Regulatory Compliance in Finance is Becoming More Stringent

After the financial crisis in 2008, the US congress, federal government and local governments began to look much more closely at the rules governing the financial industry. A rash of new laws and regulations were passed seeking to limit the risk taking of financial firms and limit the potential damage to consumers from financial transactions. The passage of Dodd-Frank in 2010 capped this trend as the government put a much bigger burden of regulatory compliance in finance click here.

Today, there is a much greater emphasis on compliance in the financial industry. Compliance jobs are in much higher demand in years past. These jobs are becoming more high profile, well-compensated and crucial to the functioning of financial organizations.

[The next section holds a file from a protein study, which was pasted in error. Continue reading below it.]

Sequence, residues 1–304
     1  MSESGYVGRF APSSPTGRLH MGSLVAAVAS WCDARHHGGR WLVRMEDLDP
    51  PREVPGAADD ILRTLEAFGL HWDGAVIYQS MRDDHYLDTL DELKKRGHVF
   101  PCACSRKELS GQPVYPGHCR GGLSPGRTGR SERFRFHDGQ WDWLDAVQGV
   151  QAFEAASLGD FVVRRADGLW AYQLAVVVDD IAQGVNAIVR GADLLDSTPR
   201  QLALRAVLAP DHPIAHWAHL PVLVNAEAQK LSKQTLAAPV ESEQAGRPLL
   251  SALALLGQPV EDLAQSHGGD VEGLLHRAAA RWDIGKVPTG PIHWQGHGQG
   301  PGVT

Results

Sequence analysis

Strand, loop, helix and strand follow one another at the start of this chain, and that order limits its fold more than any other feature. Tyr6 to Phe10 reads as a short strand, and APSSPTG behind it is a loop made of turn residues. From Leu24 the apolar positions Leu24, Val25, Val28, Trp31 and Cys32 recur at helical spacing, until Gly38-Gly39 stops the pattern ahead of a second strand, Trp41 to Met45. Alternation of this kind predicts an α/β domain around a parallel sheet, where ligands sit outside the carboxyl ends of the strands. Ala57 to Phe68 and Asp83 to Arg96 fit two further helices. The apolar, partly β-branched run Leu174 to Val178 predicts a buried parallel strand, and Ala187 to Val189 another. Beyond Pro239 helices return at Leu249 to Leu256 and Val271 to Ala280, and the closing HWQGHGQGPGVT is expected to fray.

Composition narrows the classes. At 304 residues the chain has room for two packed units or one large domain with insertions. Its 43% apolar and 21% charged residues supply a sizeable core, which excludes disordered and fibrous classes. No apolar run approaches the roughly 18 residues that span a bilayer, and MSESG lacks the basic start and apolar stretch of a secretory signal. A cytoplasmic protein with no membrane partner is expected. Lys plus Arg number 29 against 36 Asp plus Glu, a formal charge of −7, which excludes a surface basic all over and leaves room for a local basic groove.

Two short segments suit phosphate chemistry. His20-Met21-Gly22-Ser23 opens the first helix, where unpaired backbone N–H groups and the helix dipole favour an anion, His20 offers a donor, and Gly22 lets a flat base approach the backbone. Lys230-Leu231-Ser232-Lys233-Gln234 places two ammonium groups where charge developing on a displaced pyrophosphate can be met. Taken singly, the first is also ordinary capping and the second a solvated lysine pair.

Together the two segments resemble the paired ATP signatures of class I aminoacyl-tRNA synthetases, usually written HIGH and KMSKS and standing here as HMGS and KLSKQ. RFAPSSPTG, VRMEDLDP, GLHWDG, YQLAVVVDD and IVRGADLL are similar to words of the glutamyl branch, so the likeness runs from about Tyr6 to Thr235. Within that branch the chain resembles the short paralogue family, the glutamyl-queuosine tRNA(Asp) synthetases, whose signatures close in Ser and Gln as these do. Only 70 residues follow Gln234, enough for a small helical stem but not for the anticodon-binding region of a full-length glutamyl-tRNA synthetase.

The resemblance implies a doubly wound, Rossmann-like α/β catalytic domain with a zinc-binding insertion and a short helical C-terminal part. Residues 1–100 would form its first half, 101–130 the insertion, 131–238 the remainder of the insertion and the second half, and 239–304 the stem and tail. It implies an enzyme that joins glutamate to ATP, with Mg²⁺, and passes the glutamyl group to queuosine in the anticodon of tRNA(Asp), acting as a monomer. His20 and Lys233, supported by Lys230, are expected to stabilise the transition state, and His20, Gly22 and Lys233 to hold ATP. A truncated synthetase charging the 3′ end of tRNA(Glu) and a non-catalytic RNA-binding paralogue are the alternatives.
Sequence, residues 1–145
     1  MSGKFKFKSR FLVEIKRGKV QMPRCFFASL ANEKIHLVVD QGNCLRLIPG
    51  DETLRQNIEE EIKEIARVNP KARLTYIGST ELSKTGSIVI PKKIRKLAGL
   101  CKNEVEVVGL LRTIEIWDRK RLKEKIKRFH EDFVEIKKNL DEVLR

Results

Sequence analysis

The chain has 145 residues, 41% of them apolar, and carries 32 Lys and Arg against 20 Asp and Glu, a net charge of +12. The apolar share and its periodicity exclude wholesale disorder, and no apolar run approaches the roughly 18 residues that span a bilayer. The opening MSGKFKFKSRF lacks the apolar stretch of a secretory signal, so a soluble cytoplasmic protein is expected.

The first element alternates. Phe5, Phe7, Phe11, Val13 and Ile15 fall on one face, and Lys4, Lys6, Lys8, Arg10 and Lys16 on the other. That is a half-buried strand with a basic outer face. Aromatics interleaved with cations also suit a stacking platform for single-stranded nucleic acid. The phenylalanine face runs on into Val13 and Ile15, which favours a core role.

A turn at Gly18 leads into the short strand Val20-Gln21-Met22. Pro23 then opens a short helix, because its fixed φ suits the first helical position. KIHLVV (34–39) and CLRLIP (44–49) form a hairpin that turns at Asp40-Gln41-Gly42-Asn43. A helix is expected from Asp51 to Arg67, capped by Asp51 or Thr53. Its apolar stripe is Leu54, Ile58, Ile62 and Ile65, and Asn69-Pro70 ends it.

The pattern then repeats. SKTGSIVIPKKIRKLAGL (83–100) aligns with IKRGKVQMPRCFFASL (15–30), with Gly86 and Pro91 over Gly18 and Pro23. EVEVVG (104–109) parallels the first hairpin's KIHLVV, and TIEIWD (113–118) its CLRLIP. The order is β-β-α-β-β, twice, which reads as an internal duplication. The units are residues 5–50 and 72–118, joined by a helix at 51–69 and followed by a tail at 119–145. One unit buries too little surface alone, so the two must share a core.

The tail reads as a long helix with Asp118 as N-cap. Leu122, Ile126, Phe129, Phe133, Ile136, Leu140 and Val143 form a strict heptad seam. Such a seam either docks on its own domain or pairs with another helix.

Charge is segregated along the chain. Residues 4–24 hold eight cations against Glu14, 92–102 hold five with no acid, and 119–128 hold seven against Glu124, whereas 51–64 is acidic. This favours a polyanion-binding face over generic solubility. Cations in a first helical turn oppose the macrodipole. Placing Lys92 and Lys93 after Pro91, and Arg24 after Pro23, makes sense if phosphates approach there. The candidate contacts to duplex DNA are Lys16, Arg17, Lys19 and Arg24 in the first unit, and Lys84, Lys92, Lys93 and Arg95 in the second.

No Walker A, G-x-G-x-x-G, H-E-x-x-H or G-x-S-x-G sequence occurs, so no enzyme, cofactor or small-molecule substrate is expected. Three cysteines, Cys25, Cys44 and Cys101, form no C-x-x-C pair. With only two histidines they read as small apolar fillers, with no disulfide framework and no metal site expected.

Regulatory positions carry so much weight not only due to the fact that there are new rules, but also because the government is so aggressively pursuing misconduct and issuing massive fines to banks and other financial institutions. Between 2009 and 2014, the financial sector paid over $184 billion to the government in fines for a variety of misdeeds including excessive risk taking, mortgage fraud, money laundering, bid rigging. Bank of America paid over $24 billion alone, much of it due to the sins of its subsidiary Countrywide that manipulated millions of consumers and misstated the value of its assets.

New regulations passed under the Dodd-Frank law include limits on the types of derivatives banks can hold, the amount of capital from depositors that is loaned and the types of investments that banks can make. In addition, it created the Financial Stability Oversight Council and Orderly Liquidation Authority to wind down systemically risky institutions that become insolvent. These issues in particular create a larger burden for financial institutions and a greater need for compliance personnel.

Overall, this segment of the financial industry will continue to be hot for hiring and growth. Experts in this field will be in high demand.